FERS employees generally have three primary ways to build for retirement: a FERS pension, Social Security, and the Thrift Savings Plan (TSP). The last of these three — the TSP — is a government-sponsored 401(k) program that allows federal workers the opportunity to accumulate retirement savings. Though the TSP does have a certain amount of flexibility, there are annual TSP contribution limits. Once this ceiling is reached, an employee can no longer contribute to TSP for that year; however, that does not mean an employee is unable to accumulate retirement savings. IRAs or Individual Retirement Arrangements allow federal employees to accumulate retirement savings in much the same way as the TSP, with a few significant differences. Let’s review the 2021 IRA contribution limits.
CAN I CONTRIBUTE TO AN IRA?
When it comes to IRAs, there are both contribution and income limits. The IRA contribution limit for 2021 is an annual amount of $6,000 for those younger than 50. People ages 50 or older can allocate a maximum of $7,000 annually to an IRA. Note that this is the limit for total IRA contributions. In other words, those younger than 50 can fund no more than $6,000 total to IRAs, whether Roth, traditional or some combination of the two. Additionally, the IRA contribution limits are different—and significantly lower than that of the TSP. For more on TSP contribution limits, see our blog.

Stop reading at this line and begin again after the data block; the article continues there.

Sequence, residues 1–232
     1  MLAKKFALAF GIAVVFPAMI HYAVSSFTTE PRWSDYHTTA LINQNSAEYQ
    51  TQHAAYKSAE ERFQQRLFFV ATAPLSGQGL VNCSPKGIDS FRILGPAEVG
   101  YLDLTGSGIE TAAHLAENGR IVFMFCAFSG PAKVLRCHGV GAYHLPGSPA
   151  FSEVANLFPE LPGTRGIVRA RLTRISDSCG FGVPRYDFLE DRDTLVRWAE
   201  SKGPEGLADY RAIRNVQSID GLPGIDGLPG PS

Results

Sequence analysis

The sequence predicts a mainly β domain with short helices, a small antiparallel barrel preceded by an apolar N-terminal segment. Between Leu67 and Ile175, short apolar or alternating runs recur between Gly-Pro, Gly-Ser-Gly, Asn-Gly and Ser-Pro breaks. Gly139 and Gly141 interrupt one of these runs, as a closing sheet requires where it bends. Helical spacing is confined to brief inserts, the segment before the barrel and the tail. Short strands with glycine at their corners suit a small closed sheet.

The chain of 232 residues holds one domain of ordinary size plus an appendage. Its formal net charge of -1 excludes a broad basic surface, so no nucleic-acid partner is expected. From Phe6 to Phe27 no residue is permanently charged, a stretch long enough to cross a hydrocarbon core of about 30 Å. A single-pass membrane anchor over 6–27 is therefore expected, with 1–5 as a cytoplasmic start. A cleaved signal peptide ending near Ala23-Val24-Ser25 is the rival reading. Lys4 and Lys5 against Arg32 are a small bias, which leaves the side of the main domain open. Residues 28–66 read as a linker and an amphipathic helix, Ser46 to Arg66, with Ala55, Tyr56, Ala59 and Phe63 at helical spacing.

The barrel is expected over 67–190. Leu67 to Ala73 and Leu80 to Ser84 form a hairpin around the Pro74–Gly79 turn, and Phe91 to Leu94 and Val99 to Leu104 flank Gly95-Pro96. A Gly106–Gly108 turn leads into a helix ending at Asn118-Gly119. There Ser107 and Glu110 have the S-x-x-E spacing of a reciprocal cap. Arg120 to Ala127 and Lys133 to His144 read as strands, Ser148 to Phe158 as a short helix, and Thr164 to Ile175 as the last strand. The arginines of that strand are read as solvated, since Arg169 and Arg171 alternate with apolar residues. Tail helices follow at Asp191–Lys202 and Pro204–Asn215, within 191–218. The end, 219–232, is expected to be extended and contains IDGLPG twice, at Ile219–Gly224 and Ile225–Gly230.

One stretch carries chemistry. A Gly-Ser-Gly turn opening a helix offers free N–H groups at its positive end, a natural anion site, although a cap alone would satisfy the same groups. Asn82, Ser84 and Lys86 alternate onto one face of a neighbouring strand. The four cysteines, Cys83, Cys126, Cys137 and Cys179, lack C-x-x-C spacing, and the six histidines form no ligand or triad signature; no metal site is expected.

The chart below lists both the 2021 IRA and TSP contribution limits; neither of which changed from 2020.
Roth IRA contributions are subject to contribution phase-out for higher-earning individuals. According to the rules for 2021, those filing single and earning more than $140,000 and married couples filing jointly who earn more than $208,000 are not able to contribute to a Roth IRA at all.
A traditional IRA, like the traditional TSP, is not in itself an investment but is merely a “tax-wrapper” in which investments are held. This “tax-wrapper” means that IRA and TSP funds receive special tax treatment; the funds are tax-deferred. With tax-deferred money, assuming several key requirements are met, one pays no tax when contributing to the IRA, but instead pays tax when withdrawing the funds. In certain situations, this can be very beneficial, especially if one will be in a lower tax bracket in retirement. However, federal employees with a robust pension are not guaranteed to move to a lower tax bracket in retirement.
A Roth IRA is simply another kind of “tax-wrapper.” Roth funds are often called “tax-free.” However, this phrase can be a bit misleading. Tax is paid when one contributes to a Roth IRA. Nevertheless, the money grows tax-free and will be tax-free when one begins to withdraw money in retirement, assuming other requirements are met. Roth money can be accessed tax-free for those who have owned the account for at least five years and are at least age 59 ½. For individuals who will not be in a lower tax bracket in retirement, as can be the case for federal employees, Roth IRAs may be a beneficial option.
REQUIRED MINIMUM DISTRIBUTIONS (RMDs)
One key difference between traditional IRAs and Roth IRAs is the handling of required minimum distributions (RMDs). Traditional IRAs require one to begin taking withdrawals or required minimum distributions from the IRA at age 72. When one begins taking RMDs, taxes must be paid on these distributions. Roth IRAs vary from traditional IRAs in this area. Roth IRAs are not subject to RMDs. Not being forced to withdraw unneeded money is a significant aspect of Roth IRAs and one which further distinguishes the Roth IRA from federal employees’ traditional IRA and TSP options.